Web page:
Quite a bit of gear is required for this extreme sport and every diver has an opinion about what the “best” is, but as any diver will tell you, it’s being comfortable that matters. Rent various brands to find what suits you best suggests Charlie Ghramm, an open water scuba and specialty instructor.
“When starting out, rent different brands to find what you like, as not everyone will like the same thing. You will find that your friend will like something that you find uncomfortable. Just make sure you are happy with how it feels and you will enjoy diving more.”
The wrong gear can turn the dive of your life into the dive of your nightmares. You don’t want to miss out on a captivating wreck or a rare animal sighting because you have to keep adjusting your gear.
As long as you can work it into your budget, all divers will suggest comfort over cost. No one wants to spend an hour of what is supposed to be a great time, itching to get out of their gear. Like many sports, the start-up cost can be pretty pricey. Class costs vary depending on the company, but usually sit around $300 for the open water certification required to train you to safely dive to 60 feet. More advanced and specialized classes can be taken after that depending on your interests. Gear, depending on brand and supplier, can greatly range, but expect to spend more than $1,000 to get started. Renting is another option as well, but it ends up being a pricier option in the end. After the initial set-up, maintenance and air-fills are relatively cheap.
Like most sports, there is always a community of enthusiasts ready to bond with and assist their new scuba buddies. Many divers take trips to varying locations, near and far, and are eager to share their sightings and experience. Talking to divers is also another way to get great insight into the sport regarding any aspect of it.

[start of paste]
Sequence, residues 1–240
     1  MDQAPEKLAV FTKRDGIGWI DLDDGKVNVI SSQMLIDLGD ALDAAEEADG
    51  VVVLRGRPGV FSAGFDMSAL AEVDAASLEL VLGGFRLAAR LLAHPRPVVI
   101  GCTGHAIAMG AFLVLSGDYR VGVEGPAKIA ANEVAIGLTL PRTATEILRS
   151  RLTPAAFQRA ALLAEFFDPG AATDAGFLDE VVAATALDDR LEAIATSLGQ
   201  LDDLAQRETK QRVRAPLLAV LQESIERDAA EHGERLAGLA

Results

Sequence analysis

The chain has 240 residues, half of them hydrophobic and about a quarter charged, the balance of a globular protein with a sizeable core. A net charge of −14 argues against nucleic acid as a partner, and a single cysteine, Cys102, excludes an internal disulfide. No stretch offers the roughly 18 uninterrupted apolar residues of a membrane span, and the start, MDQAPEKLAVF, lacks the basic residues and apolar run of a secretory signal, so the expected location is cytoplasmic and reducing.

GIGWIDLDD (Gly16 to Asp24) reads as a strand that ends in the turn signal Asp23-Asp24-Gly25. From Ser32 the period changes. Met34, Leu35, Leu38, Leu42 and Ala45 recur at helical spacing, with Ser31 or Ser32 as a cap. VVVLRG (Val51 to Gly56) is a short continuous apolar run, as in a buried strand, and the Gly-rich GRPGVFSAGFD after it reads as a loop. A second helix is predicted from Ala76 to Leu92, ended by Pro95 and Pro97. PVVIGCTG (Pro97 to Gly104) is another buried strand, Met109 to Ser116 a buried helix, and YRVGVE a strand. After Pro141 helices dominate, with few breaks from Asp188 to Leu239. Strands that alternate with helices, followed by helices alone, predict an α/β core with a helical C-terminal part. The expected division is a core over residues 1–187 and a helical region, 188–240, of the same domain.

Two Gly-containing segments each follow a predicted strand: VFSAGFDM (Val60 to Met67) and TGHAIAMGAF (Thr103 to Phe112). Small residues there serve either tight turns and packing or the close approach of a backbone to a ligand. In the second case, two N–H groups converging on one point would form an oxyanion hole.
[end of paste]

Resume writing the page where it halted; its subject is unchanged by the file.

In my own dive experience, a novice with just more than a year under my belt, I have been able to pick up many helpful tips on navigating dive sites from fellow divers. I have also been directed to great dive shops, and new sites to explore that were not highly advertised. In my varying dives in the Puget Sound and Hawaii, my exchanges and experiences with other divers have been a huge part of the fun.
A quick Google search will produce a ton of sites in your area to explore. Talking with members or your local dive shop or club is also a great way to find awesome places to dive. Sites are marked as beginner, intermediate or advanced depending on the conditions; current is a big factor.
Les Davis, a beginner to intermediate site located in Tacoma, is a favorite dive site of Ghramm. It’s a great place to see some of the creatures of the area and has an artificial reef system.
Charlynn Andrews, scuba instructor at Gone Diving in Bellingham, is especially fond of diving around the San Juan Islands:
“The further out you go the better it gets. Long Island would be my favorite. It is a steep rock wall that plunges to deeper than 130 feet. The wall is covered in white plumose anemone and red strawberry anemones running through the white as a river.”
She labels it as an advanced site because of the tides, currents and depths. She also recommends diving there during the fall and winter when there is.
An extreme sport, one that takes you completely out of your element and will disorient every sense you have, diving calls to thrill seekers. It is a passionate sport, and as any diver will tell you, you either love it or you don’t. It is something that will completely consume a person and all of their adrenaline, if one is brave enough to take the plunge. Take advantage of what is all around us, sink into new depths, challenge yourself and jump in!